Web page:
I’m too busy:  This one requires the most self-inspection and honesty.  You need to ask yourself that hard question. “Why am I prioritizing so many other things above my physical, mental and emotional health?” Think of this as an opportunity to examine your belief in your own sense of self- worth. Once you decide that you are important and you deserve to be healthy, you can start getting creative to find solutions. For example, if you’re talking care of small children, put them in a stroller and take them with you on a walk. If you’re working multiple jobs, find a way to build exercise into your workday. Park your car in the farthest space in the lot. Use the stairs instead of the elevator. Remind yourself that you found all sorts of ways to get your substance of choice. You already have the perseverance and creative thinking skills to find a way to fit exercise into your day.

When you don’t feel like exercising, address the underlying problems. You have the skills and the mindset to make life changes. Once you resolve the underlying issues, you will be physically, mentally, and emotionally ready to stay on track with your exercise goals. You are worth the effort. Your body, mind, and soul will thank you.

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Leslie Gold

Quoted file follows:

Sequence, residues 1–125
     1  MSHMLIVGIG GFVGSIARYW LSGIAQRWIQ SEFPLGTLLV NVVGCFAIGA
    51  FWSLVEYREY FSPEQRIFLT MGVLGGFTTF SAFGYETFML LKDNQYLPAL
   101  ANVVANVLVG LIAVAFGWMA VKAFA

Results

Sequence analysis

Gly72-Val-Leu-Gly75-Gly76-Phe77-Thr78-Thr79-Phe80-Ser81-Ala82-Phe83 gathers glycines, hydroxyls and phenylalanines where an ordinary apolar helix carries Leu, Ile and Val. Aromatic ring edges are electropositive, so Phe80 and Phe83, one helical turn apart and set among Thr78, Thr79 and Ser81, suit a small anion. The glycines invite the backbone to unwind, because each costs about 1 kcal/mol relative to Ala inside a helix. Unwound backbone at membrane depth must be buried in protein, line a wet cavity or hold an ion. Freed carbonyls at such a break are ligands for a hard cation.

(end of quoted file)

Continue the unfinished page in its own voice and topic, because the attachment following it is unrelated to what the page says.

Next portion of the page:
Leslie Gold, Founder and Executive Director of Strides in Recovery Leslie is an RRCA-certified running coach who specializes in training the newly sober. As a volunteer at a residential addiction treatment program, she has coached hundreds of people in early recovery across the finish line of the Los Angeles Marathon, more than any other coach in the country. Years later, many of the participants still credit the group training and life lessons learned as critical to their long-term sobriety. Inspired by these success stories and numerous testimonials about the physical, emotional, mental, and spiritual benefits of training for a challenging endurance event with the support of a team, Leslie started Strides in Recovery. The mission of this non-profit is threefold: 1) Bring running/walking-based relapse prevention programs to more recovery communities 2) Strengthen and grow the community of sober runners/walkers 3) Educate addiction treatment providers about the healing power of goal-oriented group training Prior to starting Strides in Recovery in 2018, Leslie spent three decades leading clinical and financial performance improvement projects, implementing decision support solutions, and generating analytics for hospitals and health systems across the US. She holds an MBA from UCLA and a BA from the University of Virginia. She regularly runs 40-50+ miles/week and has joyfully completed a 50K, 9 marathons, and numerous shorter distance events. She is also an avid cyclist.